Is Hapkido your main art or a complimentary art?

Discussion in 'Hapkido' started by miles, Apr 4, 2016.

  1. miles

    miles Valued Member

    I am a Taekwondo instructor. Three years ago, while training in the backyard with at that time an acquaintance, we went inside to my home dojang where I have a rather extensive martial arts library. My friend was looking through my library when he spotted a Hapkido book I'd had since 1996 and said of the author, "He was my Grand Master."

    Since then, I've taken small group classes in Hapkido with my friend/Master and hope to test for my Hapkido black belt later this year. I've changed my Taekwondo curriculum to include some of the basic Hapkido techniques (defense against same side wrist grab, cross-wrist grabs, two hands grabbing 1 hand, two hands grabbing two hands, etc.). I find Hapkido is very complimentary to Taekwondo.

    I am thoroughly enjoying the Hapkido experience but it is a side art for me. Is it your main martial art?
  2. Thomas

    Thomas Combat Hapkido/Taekwondo

    I started off in Taekwondo in the US and then went to Korea, where I studied traditional Hapkido and furthered my study in Taekwondo. When I came back to the states, I became a TKD instructor and spent a lot of time with my instructors rebuilding our Taekwondo self defense program, mainly through the addition of Combat Hapkido. I then taught both TKD and Combat Hapkido for several years.

    I have hit the point where I am no longer really interested as much in patterns and competition and where I am more and more interested in self defense and in exploring other arts... so I have really shifted from being TKD oriented to almost completely Combat Hapkido based now. For where I am now in my life, it the main art for me now.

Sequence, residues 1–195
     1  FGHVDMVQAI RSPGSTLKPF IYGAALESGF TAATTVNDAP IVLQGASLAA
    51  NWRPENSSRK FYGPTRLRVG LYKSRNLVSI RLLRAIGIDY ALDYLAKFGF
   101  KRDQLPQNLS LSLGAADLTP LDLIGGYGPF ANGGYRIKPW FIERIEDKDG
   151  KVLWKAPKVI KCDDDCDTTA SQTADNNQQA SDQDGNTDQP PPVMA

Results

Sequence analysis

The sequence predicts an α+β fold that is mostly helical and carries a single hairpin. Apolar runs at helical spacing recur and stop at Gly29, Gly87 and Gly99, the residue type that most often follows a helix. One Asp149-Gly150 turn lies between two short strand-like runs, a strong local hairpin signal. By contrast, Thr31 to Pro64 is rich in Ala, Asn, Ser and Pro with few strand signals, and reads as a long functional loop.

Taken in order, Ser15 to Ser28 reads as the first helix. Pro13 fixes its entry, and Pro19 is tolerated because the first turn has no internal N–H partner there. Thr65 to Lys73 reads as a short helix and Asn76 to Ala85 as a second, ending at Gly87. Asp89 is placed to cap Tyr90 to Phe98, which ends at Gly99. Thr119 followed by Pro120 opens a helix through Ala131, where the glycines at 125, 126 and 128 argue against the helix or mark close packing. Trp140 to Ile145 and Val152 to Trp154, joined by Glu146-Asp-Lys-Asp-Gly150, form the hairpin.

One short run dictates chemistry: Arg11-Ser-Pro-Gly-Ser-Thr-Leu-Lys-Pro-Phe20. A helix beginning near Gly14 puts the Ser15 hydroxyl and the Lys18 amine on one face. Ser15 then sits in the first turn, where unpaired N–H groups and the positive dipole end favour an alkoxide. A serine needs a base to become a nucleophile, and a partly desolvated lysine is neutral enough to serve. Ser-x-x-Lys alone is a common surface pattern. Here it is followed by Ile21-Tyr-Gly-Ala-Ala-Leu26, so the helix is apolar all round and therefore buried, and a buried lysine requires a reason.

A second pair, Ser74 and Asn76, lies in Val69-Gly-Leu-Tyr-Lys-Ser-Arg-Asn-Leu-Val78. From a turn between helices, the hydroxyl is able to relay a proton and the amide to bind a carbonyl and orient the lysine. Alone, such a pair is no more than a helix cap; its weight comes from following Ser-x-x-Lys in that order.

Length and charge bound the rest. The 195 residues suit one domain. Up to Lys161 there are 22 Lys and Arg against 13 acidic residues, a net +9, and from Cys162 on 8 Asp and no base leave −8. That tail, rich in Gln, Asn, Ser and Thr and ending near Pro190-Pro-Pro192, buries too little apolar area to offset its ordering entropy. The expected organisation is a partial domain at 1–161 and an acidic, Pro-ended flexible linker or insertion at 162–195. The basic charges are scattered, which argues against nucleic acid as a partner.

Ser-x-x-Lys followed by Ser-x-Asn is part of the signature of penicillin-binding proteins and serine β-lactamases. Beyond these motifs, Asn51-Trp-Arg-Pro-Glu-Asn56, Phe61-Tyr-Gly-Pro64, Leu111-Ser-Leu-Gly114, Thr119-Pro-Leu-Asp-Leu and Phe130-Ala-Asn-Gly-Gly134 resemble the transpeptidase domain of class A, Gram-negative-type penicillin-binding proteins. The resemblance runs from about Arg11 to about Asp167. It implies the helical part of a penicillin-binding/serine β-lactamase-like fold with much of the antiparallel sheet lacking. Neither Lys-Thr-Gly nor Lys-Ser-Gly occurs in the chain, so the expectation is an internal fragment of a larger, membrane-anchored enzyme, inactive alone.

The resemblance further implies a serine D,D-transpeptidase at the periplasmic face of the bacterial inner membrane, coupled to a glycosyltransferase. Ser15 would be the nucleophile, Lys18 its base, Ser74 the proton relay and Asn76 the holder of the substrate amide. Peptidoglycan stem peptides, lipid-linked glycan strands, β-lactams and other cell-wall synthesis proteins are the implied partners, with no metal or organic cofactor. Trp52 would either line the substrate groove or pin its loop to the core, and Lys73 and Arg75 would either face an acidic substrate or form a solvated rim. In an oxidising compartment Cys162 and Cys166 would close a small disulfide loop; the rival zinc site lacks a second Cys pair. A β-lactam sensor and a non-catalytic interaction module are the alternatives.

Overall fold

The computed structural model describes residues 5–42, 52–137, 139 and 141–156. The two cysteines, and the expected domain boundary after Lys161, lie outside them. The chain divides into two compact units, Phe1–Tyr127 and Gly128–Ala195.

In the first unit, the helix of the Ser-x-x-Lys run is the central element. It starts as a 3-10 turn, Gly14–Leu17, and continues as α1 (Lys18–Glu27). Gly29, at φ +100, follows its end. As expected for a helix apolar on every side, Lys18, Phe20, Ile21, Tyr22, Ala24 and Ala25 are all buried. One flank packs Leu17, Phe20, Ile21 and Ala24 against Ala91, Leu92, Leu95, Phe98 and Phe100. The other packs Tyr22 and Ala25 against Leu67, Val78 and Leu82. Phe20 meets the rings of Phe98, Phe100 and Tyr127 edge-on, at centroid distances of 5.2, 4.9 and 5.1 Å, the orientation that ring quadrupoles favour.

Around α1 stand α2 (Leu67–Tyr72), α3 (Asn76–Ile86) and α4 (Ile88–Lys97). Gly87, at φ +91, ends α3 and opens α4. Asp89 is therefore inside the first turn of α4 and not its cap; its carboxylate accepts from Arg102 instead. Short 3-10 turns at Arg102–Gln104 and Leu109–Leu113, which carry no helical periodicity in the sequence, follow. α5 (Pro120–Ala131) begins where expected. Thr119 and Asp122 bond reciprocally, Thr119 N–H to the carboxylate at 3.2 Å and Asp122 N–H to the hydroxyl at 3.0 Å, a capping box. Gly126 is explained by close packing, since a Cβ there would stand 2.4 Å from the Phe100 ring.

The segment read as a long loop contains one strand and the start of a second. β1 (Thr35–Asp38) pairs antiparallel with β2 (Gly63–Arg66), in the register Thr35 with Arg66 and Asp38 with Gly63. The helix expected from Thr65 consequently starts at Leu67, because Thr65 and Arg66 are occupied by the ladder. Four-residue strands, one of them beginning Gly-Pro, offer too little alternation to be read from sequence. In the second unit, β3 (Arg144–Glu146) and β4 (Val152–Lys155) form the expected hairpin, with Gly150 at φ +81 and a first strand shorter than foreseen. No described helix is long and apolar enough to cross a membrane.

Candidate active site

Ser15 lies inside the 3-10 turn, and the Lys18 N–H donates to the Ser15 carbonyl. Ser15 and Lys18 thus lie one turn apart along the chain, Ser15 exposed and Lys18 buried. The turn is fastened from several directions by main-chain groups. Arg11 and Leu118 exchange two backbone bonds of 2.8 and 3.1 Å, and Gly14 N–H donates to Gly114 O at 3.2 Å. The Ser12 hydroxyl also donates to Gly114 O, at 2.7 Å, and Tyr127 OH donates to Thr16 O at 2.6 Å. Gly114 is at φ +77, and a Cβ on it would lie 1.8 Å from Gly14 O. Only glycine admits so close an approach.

Last edited: Apr 4, 2016
  3. armanox

    armanox Kick this Ginger...

    It's a side art for me currently. My main art (and first) is Shorin Ryu, but I've been studying more Hapkido lately. I have a couple of friends for whom Hapkido is their first and main style.
  4. bushidoka

    bushidoka Valued Member

    Initially, growing up, Karate and Judo were my main studies... Back then, almost every thing was grouped under the Karate banner. I went to a s.k. Hayes seminar back in the late 80's or so, and it was some thing that was just unattainable at the time. Information like that was VERY hard to come by back then...

    Now a days, you jump on the internet, and you can find a teacher for this or that within minutes. Back then, you needed a letter of introduction, pass ports, travel docs, etc. You showed up in the country and hoped you could survive long enough to get into a school that you desired, and even then, you were an outsider. You had to take the beatings and fight for every lesson you got, and some you didn't want.

    Aikido was very difficult to get into pre 1980...

    HapKiDo was a very fortunate happenstance for me. At 20, I was the only student of an immigrant from Korea that had just landed the previous year. I was a punching bag, lol, to be more precise, because there were no other students. He just wanted to stay in shape and figure out how to teach his science here in Canada. He taught me enough to stay with him in training. The more advanced stuff that he wanted to train in, the more he had to teach me. I was a white belt for 6 yrs, training 2 times a day, 4 hrs a day, 6 days a week, with no mats, and with 90 mins a day weight training on my own.

    By the time he had developed a curriculum, and was ready to open a school, I had completed Uni degrees in Kinesiology and Exercise physiology.

    When the school opened, I was still a white belt :) And we burnt through some students, lol... it seemed we were to hard to retain any but the most ardent at the time. We persevered for the first year, sharing a gym with Mr Park to cut costs.

    As we had a student that had met the curriculum, than I would grade ahead of them, so we always had a senior student.

    Just to interject a point in the middle of all this... my teacher always taught me that there are only 3 belts in Korean HKD... the White belt of the student, the Black belt of the Teacher, and the Grey (Aged, worn, washed, and frayed Black Belt) belt of a master.

    We found that we could not make money teaching HKD as he knew it. We just burnt through too many bodies. The numbers did not work for profit.